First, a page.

Hi, I am Diane
I come from a family of story tellers. As long as I can remember, we’ve been laughing and crying at stories that we tell each other. These have been the way that we remember our history and the way we deal with our present. The future? It’s simply a story waiting to happen.
My father was a pastor and his sermons were filled with illustrations and stories. My grandparents and my parents were always using tales of their lives to keep others entertained and my siblings and I continue to do the same thing.
Mom’s creativity was limitless. She painted, worked with clay – both sculpting and throwing pots, sketched, wrote poetry and stories, sewed, crocheted, and knitted. There was nothing she couldn’t do. She encouraged her children to be creative. The first story I remember writing was during the summer between first and second grade – about a prince whose magical power was in his toenails. I wish I could remember the whole story. I have scores of story beginnings, story ideas, and half-written tales. To complete them all would require several more lifetimes. I will never be bored.
My college degree is in Music Education and I have been a pianist and singer as long as I can remember. When I was very young, Dad asked a high school girl (who played in our church) to give me piano lessons. She was terrified, but he told her that all he wanted her to do was make sure I loved the piano. I loved playing and music defined the rest of my life. Dad wanted me to be a concert pianist. I didn’t want to live in a practice room, but the discipline of practice, memorization, and performance taught me strength, determination, and perseverance. I’ve accompanied soloists and ensembles, directed choirs - both large and small, led worship for thousands as well as intimate gatherings.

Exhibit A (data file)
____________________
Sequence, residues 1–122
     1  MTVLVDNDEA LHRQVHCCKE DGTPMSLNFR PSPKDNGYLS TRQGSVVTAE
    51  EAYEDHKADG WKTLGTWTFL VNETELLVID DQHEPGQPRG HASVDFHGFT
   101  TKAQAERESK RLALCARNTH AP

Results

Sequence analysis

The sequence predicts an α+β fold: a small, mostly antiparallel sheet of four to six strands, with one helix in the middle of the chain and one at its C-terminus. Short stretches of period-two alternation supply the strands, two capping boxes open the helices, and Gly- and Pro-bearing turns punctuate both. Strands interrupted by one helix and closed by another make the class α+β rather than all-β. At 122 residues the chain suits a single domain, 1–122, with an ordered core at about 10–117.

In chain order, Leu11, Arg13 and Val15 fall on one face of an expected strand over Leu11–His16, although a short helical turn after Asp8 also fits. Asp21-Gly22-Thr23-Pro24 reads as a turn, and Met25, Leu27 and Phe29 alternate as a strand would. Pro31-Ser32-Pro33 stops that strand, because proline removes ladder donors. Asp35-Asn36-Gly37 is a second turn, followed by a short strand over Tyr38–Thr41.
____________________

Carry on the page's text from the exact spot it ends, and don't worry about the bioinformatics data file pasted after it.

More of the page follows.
Two years into my first job as a Christian Ed and Music Director in a church, my mother asked me to go into business with her- running a quick printing shop in Omaha, Nebraska. She died three years later and for the next twenty years, my sister and I were print shop owners. When the business closed, I went back into the church and worked as a Communication Director, then decided it was finally time to complete my master’s degree.
The year before completing my degree, I began planning a future. There were so many options, but only a few allowed me the freedom to work for myself. For six months I tried to wrap my head around the possibility of becoming an author. The world had changed, and independent publishing was real. I could do this. In one month, I had the first book in the Bellingwood series written – even while writing papers for my degree. This was going to happen. Several months later, the book was published, and I was writing the second … then the third.
Let’s see what comes next.